Opinions struck a cord

National Post
June 24, 2002

Lawrence Solomon‘s opinions struck a perfect cord with my own views about farming subsidies (Record Harvest of Profits All Came From Subsidies, June 13). This is an excellent piece, and I hope the electorate wakes up to these socio-economic facts. It is high time we accept reality: Subsidies will not end in this world, and a smart Canada would save its billions to develop other, more productive industry and infrastructure, while it sucks those same billions from the other loser countries who would destroy their own productive industry in the process.

I suggest that Saskatchewan would make a better tourist attraction with big game roving the range than a swaying wheat field. At least a park contributes to the tourist economy. Grasslands National Park is a case in point (and it probably should be bigger, too).

Lionel Berry, Oshawa, Ont.

Lawrence Solomon does a breathtaking job of writing off Canada’s farmers and Canada’s agriculture as burdens around the neck of every taxpayer. And he identifies Prairie farmers as the worst of all, seems to suggest they should be abolished, the land turned back to the buffalo and the gophers. But is he missing something?

Every grain grower and everyone living in rural communities knows deep in his heart the burning challenge facing the Prairies, and perhaps even Canada itself, is: How do we build this great Prairie treasure house? How do we get back to creating jobs and wealth? How do we rebuild our rural communities?

Yes, grain prices are now at disaster levels and huge foreign crop subsidies threaten to keep them there. We educate the kids and they leave because the good jobs are elsewhere. Too many farm communities are failing. And it’s getting worse. Statistics Canada found Saskatchewan lost over 6,000 farms in the five years between 1996-2001. This deepening crisis is beyond the control of individual farmers and rural communities. And it may be the most controversial political issue in Ottawa.

The reason the Prairies are failing to live up to their potential is no mystery. A century ago, a few U.S. preachers decided they had discovered a blinding truth – capitalism was the problem! Abolish capitalism, they cried, and turn the economy over to honest politicians. The idea was called the social gospel. Most Americans thought it was a dumb idea. So those preachers crossed the border into Canada’s Prairies. And we swallowed their social gospel message and set out to put the politicians in control.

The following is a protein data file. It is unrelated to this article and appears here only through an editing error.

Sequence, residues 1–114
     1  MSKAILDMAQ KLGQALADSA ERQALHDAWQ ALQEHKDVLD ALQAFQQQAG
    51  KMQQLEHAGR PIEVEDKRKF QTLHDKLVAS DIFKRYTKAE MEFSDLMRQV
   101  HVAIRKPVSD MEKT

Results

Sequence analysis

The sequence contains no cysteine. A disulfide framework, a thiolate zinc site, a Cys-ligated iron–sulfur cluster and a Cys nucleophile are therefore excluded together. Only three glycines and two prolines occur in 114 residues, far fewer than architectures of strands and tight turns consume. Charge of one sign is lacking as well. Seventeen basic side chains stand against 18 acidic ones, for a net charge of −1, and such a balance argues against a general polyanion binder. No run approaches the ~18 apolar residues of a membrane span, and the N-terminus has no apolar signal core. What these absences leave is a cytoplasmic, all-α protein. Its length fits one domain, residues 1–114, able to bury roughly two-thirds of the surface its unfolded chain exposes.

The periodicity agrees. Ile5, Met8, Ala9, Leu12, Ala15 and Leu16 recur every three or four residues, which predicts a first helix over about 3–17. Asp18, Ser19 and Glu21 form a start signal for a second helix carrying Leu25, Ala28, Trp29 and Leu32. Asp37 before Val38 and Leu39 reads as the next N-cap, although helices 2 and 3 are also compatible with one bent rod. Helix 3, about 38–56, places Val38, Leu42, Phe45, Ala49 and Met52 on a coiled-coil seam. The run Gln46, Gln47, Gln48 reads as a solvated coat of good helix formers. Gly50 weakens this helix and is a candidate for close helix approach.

But this plan had a fatal weakness. Ottawa proceeded to create a wheat monopoly which denied growers the freedom to manage their farms and to sell their own crops. Grain growing/selling became an exercise in politics, not business. Ottawa had seized control of the prairie economy, and it has maintained that stranglehold to this day. If Ottawa had opened the door to the entrepreneurial spirit in the West, the Prairies would have turned massively to processing its enormous grain crops, increasing dramatically the value of the raw crops grown.

But Ottawa’s policies forbade that. The Crow Rates subsidized raw grain shipments out of the Prairies, but not processed products. This forced Prairie flour mills to shut down, robbing the West of jobs and wealth creation, preventing a full-scale move into food processing and value-added.

Meanwhile, Ottawa’s grain monopoly seizes every grower’s wheat and barley as it comes out of the combine, denies him the freedom to sell it to waiting markets. Now, the West doesn’t process its grain into flour and breakfast cereal and bread and cakes any longer. Ottawa transfers the jobs and the wealth to central Canada. It robs growers of the freedom to manage their own operations and their own industry. The time is long overdue to end that and, as a start, to return grain to a business operation.

When will Ottawa finally move to end its grain monopoly, and free up Western growers to sell their own grain and manage their own farms? And to process their wheat and barley right at home, creating jobs in their own communities? And keep the kids at home. Because only this kind of freedom will allow the West to return to wealth creation.

The time is overdue for Ottawa to clear the way for farmers to go all out in building their own farms and their communities. They must be free to build sizable cattle and hog enterprises and set the stage for new meatpacking and grain-processing plants. Or will Ottawa continue to shamelessly impose its smothering political grain monopoly over the West? If it intends to do this, then Mr. Solomon is right – close down Prairie agriculture.

Don Baron, Regina

To read Larry Solomon‘s article, “Record Harvest of Profits All Came From Subsidies,” please click here.

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